In today’s dynamic world of work, the path to opportunity — for both individuals, and organizations — is changing.

Many senior executives know this and worry about it. When asked what keeps them up at night, CEOs involved in transformation often say they are concerned about how the work force will react, how they can get their team to work together, and how they will be able to lead their people. They also worry about retaining their company’s unique values and sense of identity and about creating a culture of commitment and performance. Leadership teams that fail to plan for the human side of change often find themselves wondering why their best-laid plans have gone awry.

Leadership teams unfortunately fail to plan for the human side of change.

Pandemic-driven transformation in an uncertain economy is probably not the business disruption that most tech leaders expected to lead through—but as technology proves its ability to help change a company’s trajectory, few other leaders are better primed to help lead their organizations out of this crisis and into the growth mode. The leaders can help their organizations thrive in an altered competitive landscape influenced by new and still-unknown business, societal and cultural norms.

Future-focused visionaries who prioritize agility and innovation

How can companies thrive in the long-term when the business-technology landscape is constantly shifting beneath them?

70-80 percent of changes are unsuccessful because of the leaders are driven by fear of loosing the control over the process of change management and leading them to make inappropriate decisions.

No single methodology fits every company, but there is a set of practices, tools, and techniques that can be adapted to a variety of situations. Using these as a systematic, comprehensive framework, executives can understand what to expect, how to manage their own personal change, and how to engage the entire organization in the process.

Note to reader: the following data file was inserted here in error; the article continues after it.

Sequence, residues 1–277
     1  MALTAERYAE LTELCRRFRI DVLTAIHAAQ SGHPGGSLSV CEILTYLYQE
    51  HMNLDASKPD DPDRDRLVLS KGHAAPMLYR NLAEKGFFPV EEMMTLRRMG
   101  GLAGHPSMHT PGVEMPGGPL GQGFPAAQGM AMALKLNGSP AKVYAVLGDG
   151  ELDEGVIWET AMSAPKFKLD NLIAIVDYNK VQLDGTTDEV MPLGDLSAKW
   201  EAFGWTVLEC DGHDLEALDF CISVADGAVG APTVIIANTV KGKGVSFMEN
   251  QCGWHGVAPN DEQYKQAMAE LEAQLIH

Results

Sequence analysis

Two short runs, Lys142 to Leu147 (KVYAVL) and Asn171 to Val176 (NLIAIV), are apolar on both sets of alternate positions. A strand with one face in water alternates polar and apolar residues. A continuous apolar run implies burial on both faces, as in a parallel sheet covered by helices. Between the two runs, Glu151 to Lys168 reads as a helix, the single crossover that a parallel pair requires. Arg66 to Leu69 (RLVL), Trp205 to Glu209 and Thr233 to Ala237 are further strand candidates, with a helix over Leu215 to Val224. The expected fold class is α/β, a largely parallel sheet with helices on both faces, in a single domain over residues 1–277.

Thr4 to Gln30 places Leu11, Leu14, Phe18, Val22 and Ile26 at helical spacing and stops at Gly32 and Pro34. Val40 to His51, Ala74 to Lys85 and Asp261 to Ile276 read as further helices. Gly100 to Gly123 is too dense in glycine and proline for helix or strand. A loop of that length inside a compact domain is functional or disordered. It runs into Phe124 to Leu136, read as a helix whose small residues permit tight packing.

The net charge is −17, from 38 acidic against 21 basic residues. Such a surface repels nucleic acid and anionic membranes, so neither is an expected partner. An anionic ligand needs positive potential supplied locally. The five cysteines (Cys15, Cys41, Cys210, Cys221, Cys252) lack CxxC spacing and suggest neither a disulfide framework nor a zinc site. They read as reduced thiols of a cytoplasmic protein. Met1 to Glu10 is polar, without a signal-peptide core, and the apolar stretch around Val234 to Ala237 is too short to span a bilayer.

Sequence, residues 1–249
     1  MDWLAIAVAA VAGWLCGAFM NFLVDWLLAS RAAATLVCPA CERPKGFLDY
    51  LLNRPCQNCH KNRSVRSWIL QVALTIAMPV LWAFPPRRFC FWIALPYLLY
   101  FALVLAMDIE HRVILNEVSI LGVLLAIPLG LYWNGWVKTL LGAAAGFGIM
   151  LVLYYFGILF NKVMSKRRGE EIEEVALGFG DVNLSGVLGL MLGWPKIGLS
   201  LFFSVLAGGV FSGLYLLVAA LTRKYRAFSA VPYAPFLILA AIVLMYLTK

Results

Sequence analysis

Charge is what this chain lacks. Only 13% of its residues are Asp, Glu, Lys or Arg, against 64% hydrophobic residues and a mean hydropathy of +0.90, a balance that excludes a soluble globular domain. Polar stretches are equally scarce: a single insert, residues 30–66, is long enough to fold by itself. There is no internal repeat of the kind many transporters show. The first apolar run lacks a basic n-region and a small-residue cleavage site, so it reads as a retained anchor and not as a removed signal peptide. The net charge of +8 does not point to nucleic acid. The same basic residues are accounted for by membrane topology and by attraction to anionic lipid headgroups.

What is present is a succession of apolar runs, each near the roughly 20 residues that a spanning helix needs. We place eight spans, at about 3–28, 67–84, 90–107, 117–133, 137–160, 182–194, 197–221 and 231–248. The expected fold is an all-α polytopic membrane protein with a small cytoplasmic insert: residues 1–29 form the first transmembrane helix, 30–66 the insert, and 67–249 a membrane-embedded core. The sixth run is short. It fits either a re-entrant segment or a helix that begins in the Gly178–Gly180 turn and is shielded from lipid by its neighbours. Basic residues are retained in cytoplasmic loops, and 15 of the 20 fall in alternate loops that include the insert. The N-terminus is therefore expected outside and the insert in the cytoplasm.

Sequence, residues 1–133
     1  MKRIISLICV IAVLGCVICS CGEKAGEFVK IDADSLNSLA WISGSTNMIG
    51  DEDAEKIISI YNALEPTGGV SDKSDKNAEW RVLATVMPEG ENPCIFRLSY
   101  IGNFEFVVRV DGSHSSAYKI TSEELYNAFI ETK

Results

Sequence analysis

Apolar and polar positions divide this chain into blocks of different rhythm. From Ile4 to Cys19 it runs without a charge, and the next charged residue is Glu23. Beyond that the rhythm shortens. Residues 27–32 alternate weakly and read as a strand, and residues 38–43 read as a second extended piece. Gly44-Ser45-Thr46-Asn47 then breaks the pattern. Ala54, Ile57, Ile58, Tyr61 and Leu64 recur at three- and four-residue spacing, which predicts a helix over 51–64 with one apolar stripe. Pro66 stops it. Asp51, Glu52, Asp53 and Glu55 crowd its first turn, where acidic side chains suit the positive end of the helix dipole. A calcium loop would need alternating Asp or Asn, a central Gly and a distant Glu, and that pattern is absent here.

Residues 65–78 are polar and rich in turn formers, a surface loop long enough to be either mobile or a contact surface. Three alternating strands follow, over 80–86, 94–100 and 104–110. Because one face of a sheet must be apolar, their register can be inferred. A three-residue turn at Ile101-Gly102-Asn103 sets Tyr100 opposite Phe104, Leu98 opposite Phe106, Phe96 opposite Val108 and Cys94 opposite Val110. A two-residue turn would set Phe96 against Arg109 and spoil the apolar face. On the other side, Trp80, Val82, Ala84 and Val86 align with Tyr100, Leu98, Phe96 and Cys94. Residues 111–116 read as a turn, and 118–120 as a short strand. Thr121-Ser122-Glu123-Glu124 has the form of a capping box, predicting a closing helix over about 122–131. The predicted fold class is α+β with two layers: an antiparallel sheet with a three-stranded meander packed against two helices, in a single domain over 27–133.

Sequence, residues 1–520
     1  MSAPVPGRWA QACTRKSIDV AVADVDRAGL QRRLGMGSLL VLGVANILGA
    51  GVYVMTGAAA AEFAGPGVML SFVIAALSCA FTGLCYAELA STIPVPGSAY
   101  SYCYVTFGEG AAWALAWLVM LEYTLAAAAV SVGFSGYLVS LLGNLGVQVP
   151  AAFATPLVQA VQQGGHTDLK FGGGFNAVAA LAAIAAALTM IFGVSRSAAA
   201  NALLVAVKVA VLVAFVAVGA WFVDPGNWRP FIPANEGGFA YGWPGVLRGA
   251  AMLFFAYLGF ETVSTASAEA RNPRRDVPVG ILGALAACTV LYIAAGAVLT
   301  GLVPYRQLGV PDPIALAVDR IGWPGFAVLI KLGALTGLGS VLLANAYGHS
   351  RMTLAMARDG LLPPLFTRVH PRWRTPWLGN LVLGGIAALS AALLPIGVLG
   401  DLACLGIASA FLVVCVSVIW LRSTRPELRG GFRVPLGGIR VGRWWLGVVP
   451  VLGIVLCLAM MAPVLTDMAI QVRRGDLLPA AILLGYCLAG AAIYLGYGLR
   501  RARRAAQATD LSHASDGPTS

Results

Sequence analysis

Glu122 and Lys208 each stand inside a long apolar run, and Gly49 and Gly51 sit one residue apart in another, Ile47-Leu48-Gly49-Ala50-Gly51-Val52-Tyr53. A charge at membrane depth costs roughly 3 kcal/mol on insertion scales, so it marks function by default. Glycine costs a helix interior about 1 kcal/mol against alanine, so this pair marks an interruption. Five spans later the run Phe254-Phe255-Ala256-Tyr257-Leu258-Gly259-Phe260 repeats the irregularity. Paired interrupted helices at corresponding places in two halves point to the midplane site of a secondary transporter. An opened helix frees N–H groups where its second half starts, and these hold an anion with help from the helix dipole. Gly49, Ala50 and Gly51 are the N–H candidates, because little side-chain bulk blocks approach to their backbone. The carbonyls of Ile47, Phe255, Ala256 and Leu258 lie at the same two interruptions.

Organizations need kinetic leaders to drive innovation and manage change. The perspectives of C-suite executives and corporate board members on the role of the future technology leader are converging: Business and technology leaders agree that their organizations need dynamic, change- oriented technology leaders—kinetic leaders—to help envision the technology-driven future, lead

The organization’s capacity to change:

  1. Any significant transformation creates “people issues.”

2. The leaders themselves must embrace the new approaches first, both to challenge and to motivate the rest of the institution.

3. As transformation programs progress from defining strategy and setting targets to design and implementation, they affect different levels of the organization.

4. The structure remained in place throughout the change program, which doubled the company’s earnings far ahead of schedule. – This approach is also a superb way for a company to identify its next generation of leadership. –

5. Leaders of large change programs must overperform during the transformation and be the zealots who create a critical mass among the work force in favor of change.

6. Communications flow in from the bottom and out from the top, and are targeted to provide employees the right information at the right time and to solicit their input and feedback.

7. Companies often make the mistake of assessing culture either too late or not at all, because no change program goes completely according to plan.

8. Team leaders should be as honest and explicit as possible.

Risk-based portfolio mindset.

Because innovation initiatives don’t always deliver positive financial returns, they may not meet traditional investment governance requirements—and it can be challenging to reconcile iterative delivery with long-term ROI. A portfolio approach to technology investments can help align innovation, business strategy, and risk appetite. Technology leaders can work with CFOs to ensure investments across multiple time horizons and risk categories to make measured bets, ensuring consistent financial returns while managing risks.

The leaders should not wait for business executives to explain their needs; they should get in front of the rapidly shifting landscape and devise proactive solutions to rewire business processes, redefine business models, and help shape their organizations’ “next normal.”

Organizations in all sectors and geographies are entering a new volatile era, and they likely will need leaders with the vision and tenacity to drive meaningful change amid historic uncertainty.